Mackenzie DataStream

Contributed by: Aislin Livingstone & Carolyn DuBois, Gordon Foundation

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Concerns about the future – Communities protecting basins with data and information

The Mackenzie River Basin represents a very important source for water resources for communities in the Northwest Territories, Canada. The Mackenzie River and its tributaries form the largest river basin in Canada. People in the basin extract and discharge water for a variety of uses; land and water use changes, impacts from industry, and climate change contribute to concerns over water quality. Communities from the Northwest Territories are concerned about the future of the Mackenzie River Basin and are looking for solutions and ways to protect the quality of water resources in the basin.

The Mackenzie DataStream supports water quality monitoring in the basin by housing data inputs collected by communities throughout the Mackenzie River Basin. The data and information that is uploaded to the DataStream aims to inform and educate about the quality of water resources and threats to these resources within the basin. Thanks to all the partners and data contributors, communities in the Northwest Territories, Northern British Columbia and Alberta, are increasing efforts to protect the future of the Mackenzie River Basin. The lessons from the Mackenzie DataStream could potentially be applied in other basins with a variety of stakeholders including those in urban areas.

Mackenzie Basin Overview

1. The Problem

The Mackenzie River Basin is located in Canada, flowing 4,241 km from the Columbia Ice-field in Jasper National Park to its mouth at the Beaufort Sea in the Arctic Ocean. The basin covers nearly 20% of Canada and has six sub-basins: the Athabasca, the Peace, the Liard, the Peel, the Great Slave and the Mackenzie – Great Bear[1]. The basin has a population of about 400,000 people living primarily in remote, Indigenous communities, mainly accessible by air or water. The Mackenzie River Basin sustains not only communities, but also ecosystems that contribute to the Arctic Ocean circulation[2].

The Mackenzie River Basin is impacted by a number of stressors including climate change as well as land cover changes and pollution from industrial development. Rapid global climate change and urban development is affecting the water quality and ecosystem health at the basin level. Communities that rely on its water seek protection for these water resources. To protect and make sustainable decisions for freshwater management in the basin, it is necessary to have data; however, to date, there are limited applications and services to bring together and share data in an accessible ways. There are challenges for scientific communities and public surrounding the sharing of information, and this needs to change if communities want to protect the basin.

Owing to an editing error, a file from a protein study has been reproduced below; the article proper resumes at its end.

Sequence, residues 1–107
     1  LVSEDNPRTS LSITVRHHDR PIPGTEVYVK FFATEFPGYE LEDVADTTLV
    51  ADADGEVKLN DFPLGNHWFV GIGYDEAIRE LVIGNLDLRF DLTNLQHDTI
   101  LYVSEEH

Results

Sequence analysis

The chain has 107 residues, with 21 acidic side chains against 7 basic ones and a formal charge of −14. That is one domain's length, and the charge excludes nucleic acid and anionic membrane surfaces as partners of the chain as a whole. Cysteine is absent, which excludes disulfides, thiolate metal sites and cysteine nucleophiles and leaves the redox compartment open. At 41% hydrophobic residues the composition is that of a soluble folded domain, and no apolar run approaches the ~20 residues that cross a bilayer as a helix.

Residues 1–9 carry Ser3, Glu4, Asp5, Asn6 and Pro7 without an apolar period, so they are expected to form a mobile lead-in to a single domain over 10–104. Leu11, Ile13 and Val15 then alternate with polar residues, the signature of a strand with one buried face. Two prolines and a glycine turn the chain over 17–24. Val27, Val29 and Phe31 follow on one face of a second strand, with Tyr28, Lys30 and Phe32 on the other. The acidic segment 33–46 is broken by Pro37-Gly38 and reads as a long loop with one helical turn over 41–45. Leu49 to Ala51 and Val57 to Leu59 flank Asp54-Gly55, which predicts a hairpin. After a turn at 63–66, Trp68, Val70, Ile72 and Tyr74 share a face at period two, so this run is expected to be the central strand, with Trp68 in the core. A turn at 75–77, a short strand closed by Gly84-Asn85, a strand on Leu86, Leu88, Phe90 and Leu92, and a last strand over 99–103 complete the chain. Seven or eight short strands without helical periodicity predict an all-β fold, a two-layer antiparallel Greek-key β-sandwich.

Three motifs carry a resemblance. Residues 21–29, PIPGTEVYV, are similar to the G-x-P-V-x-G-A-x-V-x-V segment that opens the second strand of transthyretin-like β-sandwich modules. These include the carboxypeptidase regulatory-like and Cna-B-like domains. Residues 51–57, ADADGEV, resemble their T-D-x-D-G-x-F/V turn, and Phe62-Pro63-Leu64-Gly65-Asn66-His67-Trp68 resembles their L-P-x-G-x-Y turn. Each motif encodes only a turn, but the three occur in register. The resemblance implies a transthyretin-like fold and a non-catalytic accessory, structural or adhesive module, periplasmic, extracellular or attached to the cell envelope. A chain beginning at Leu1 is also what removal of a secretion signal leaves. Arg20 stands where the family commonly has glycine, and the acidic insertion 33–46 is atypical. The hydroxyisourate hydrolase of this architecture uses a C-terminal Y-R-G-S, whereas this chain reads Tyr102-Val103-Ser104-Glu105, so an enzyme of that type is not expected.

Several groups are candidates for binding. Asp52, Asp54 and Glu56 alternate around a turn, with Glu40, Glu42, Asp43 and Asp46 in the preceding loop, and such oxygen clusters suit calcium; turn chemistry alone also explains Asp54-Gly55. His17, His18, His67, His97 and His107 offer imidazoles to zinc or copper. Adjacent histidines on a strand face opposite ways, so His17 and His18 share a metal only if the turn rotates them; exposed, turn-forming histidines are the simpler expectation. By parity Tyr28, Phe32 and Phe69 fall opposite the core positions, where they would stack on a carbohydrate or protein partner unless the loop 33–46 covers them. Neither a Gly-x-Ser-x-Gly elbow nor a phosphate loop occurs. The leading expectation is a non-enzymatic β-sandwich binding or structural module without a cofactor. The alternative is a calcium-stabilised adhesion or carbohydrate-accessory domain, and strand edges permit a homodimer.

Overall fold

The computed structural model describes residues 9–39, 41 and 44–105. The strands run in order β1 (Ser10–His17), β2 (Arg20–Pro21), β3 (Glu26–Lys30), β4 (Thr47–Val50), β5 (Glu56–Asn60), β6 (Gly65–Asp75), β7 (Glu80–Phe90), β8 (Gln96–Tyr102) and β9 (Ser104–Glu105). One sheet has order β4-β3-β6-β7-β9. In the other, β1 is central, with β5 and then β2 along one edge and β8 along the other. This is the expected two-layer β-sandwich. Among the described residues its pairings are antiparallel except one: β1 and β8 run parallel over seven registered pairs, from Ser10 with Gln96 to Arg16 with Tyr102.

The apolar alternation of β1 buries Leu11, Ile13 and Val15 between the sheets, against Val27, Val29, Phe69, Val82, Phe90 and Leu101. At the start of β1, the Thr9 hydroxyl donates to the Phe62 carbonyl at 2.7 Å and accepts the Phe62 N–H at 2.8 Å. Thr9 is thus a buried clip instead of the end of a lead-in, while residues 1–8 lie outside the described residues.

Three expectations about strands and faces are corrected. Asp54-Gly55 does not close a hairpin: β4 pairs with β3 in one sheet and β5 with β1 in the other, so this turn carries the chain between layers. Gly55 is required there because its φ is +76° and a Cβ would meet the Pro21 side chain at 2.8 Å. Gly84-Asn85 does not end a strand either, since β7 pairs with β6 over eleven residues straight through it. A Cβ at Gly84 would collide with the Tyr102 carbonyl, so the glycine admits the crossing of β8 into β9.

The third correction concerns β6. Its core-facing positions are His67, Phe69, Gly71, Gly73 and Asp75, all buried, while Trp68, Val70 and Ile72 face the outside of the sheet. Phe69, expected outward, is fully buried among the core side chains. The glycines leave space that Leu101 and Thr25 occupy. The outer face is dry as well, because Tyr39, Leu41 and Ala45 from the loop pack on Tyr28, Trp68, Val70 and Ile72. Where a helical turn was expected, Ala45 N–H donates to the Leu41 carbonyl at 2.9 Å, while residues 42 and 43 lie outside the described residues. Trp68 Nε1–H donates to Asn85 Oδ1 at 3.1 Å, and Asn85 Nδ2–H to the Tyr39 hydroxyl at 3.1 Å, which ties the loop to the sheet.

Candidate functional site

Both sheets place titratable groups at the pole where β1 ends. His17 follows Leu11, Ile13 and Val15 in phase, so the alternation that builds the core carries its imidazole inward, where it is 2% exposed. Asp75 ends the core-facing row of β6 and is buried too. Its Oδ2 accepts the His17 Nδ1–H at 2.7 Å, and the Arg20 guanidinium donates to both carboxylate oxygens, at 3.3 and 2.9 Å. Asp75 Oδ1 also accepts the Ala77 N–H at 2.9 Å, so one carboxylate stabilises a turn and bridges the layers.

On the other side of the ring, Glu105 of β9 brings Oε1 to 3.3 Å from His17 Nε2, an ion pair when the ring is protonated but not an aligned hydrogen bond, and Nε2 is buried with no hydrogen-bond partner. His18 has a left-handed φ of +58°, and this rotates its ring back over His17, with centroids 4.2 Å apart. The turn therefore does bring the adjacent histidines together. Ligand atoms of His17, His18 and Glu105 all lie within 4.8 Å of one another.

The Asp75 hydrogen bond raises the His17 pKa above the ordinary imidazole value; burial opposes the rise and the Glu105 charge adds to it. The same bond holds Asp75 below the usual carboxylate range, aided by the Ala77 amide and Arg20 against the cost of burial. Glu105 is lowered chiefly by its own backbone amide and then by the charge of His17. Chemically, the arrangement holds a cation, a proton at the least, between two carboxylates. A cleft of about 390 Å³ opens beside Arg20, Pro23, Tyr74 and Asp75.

2. The Solution

Mackenzie DataStream was officially launched in November 2016 in the Northwest Territories and Ottawa. Mackenzie DataStream was built by the Gordon Foundation in partnership with the Government of the Northwest Territories and communities living in the Basin. The software was built by Tesera Systems Inc. DataStream is an open access application that contains high quality data and allows users to explore and share water data relevant to the Mackenzie River Basin. DataStream offers accurate and up-to-date information collected from 23 communities that monitor more than 50 sites and measure more than 70 parameters including, for example, temperature, PH, and turbidity. The Government of the Northwest Territories facilitates community-based monitoring within its territory and works with communities to ensure that the data are scientifically robust[3].

The goal

Mackenzie Data Stream aims to support Indigenous communities to keep track of water quality issues to reduce further damage in the basin.